NEW YORK SUPREME COURT, APPELLATE DIVISION, FIRST DEPARTMENT
July 2, 2009
PATRICK D. ISLAR, ETC., ET AL., PLAINTIFFS-APPELLANTS,
NEW YORK CITY BOARD OF EDUCATION, ET AL., DEFENDANTS-RESPONDENTS.
Order, Supreme Court, New York County (Karen S. Smith, J.), entered March 16, 2009, which granted plaintiffs' motion to strike defendants' answer only to the extent of directing defendants to produce three specified witnesses for depositions and awarding plaintiffs costs of the depositions, including reasonable attorneys fees, unanimously affirmed, without costs.
Published by New York State Law Reporting Bureau pursuant to Judiciary Law § 431.
This opinion is uncorrected and subject to revision before publication in the Official Reports.
Gonzalez, P.J., Tom, Mazzarelli, Andrias, Saxe, JJ.
The court exercised its discretion in a provident manner in imposing a lesser sanction than that requested (see Kugel v City of New York, 60 AD3d 403 ). The record indicates that the missing witness statements from defendants' internal investigation of the alleged sexual assault of infant plaintiff were not crucial to the prosecution of plaintiffs' claims, inasmuch as each of the witnesses was available for deposition, and other investigative proof, including police records, suggested that the witness' statements were not supportive of plaintiffs' claims (see Jordan v Doyle, 24 AD3d 107 , lv denied 7 NY3d 705 ). Although constituting hearsay, the court properly relied, in part, on police investigative records in deciding the motion.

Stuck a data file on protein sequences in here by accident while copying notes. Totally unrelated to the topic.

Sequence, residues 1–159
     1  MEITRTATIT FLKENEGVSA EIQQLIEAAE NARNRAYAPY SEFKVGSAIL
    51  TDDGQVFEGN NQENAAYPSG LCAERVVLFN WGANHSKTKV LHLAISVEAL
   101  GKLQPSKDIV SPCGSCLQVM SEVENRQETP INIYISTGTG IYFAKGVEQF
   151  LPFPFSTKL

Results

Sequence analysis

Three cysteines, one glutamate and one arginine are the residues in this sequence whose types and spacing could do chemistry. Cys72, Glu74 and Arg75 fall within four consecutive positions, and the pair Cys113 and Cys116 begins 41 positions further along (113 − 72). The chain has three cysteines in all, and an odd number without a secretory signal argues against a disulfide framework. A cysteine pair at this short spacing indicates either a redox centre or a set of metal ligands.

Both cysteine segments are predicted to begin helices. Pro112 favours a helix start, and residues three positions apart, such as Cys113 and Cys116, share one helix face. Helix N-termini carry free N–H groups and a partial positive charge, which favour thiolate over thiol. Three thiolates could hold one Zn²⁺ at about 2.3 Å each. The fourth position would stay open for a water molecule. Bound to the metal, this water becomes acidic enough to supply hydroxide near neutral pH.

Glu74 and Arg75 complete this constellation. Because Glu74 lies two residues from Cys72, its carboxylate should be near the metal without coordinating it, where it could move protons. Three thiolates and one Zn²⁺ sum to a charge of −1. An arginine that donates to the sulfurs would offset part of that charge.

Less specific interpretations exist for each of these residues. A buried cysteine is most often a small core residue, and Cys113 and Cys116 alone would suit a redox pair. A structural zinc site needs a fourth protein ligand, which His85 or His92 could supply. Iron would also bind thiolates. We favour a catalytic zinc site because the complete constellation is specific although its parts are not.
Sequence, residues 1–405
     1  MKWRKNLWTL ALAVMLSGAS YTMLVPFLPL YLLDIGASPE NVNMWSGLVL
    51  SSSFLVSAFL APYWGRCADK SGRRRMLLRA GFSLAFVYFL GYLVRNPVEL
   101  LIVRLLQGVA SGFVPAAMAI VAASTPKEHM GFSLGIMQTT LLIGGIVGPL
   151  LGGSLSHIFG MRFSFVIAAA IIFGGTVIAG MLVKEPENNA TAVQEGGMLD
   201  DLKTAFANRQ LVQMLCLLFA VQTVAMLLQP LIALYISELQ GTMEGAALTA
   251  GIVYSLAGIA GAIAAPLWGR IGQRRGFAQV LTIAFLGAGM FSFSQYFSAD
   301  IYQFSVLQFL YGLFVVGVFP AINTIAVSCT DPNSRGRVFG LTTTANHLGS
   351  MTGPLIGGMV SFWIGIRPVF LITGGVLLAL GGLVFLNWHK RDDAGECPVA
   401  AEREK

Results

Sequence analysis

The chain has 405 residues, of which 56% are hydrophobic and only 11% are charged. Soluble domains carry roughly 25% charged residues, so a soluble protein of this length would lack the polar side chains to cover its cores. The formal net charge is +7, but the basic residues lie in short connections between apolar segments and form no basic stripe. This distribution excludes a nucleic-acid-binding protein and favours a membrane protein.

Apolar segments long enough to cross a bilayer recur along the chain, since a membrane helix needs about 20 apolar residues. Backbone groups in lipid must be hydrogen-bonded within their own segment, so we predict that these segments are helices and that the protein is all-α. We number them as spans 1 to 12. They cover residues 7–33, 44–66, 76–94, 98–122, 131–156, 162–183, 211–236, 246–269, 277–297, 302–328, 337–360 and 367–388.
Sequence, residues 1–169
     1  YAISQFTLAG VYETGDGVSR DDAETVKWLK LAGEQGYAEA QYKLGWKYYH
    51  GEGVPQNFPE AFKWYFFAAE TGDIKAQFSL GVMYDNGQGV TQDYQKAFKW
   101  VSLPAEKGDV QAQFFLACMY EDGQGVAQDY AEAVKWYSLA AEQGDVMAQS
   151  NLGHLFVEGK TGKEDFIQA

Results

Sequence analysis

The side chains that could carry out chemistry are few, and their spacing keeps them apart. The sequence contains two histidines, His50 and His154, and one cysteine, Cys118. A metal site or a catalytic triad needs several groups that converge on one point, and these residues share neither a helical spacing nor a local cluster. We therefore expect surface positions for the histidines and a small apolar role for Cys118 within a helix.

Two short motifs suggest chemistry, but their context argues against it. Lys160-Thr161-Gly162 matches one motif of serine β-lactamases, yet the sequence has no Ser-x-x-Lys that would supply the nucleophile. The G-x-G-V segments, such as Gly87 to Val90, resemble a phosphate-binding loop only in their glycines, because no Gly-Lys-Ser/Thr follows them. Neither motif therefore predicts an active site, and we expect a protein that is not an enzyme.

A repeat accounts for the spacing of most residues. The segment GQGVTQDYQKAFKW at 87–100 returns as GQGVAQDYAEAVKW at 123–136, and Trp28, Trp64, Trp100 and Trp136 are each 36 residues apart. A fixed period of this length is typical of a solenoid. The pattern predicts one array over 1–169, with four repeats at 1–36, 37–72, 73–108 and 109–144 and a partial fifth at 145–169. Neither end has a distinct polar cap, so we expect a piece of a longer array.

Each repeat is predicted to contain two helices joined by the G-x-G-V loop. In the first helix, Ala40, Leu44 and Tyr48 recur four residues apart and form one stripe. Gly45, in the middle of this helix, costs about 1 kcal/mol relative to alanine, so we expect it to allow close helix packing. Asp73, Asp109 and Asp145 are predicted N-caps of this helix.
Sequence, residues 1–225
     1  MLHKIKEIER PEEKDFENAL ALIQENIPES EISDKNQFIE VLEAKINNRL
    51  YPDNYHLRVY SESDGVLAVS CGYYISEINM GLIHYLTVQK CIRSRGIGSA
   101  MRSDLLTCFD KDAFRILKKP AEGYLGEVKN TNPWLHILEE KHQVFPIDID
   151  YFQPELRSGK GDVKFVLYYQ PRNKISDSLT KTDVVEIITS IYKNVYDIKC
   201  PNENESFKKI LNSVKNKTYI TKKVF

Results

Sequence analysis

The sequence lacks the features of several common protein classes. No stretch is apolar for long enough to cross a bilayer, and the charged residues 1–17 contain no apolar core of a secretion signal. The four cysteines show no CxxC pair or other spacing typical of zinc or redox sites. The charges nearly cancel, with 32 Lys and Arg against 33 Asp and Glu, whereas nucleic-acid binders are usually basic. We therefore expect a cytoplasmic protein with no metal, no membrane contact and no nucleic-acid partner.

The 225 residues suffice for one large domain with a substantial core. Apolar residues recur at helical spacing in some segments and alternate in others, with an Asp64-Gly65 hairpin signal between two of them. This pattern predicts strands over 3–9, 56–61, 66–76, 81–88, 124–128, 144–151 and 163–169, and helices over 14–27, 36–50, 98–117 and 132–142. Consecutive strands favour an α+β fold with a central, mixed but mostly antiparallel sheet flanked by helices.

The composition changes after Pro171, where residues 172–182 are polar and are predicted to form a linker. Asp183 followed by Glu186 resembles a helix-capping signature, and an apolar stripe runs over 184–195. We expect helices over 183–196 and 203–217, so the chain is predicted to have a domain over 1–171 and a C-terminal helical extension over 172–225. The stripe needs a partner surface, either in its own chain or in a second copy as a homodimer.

Furthermore, defendants' conduct in not providing a definitive answer as to the availability of the witness statements during an 18-month period, albeit during which 8 discovery orders were issued, did not amount to willful and contumacious conduct on defendants' part, since defendants could not locate the statements despite a thorough search for them. Even assuming that plaintiffs met their initial burden of showing that defendants' conduct was willful and contumacious, defendants offered a reasonable excuse for their failure to comply with discovery orders, namely that the statements could not be located (see Palmenta v Columbia Univ., 266 AD2d 90 ).
We have considered plaintiffs' remaining arguments and find them unavailing.
THIS CONSTITUTES THE DECISION AND ORDER OF THE SUPREME COURT, APPELLATE DIVISION, FIRST DEPARTMENT.
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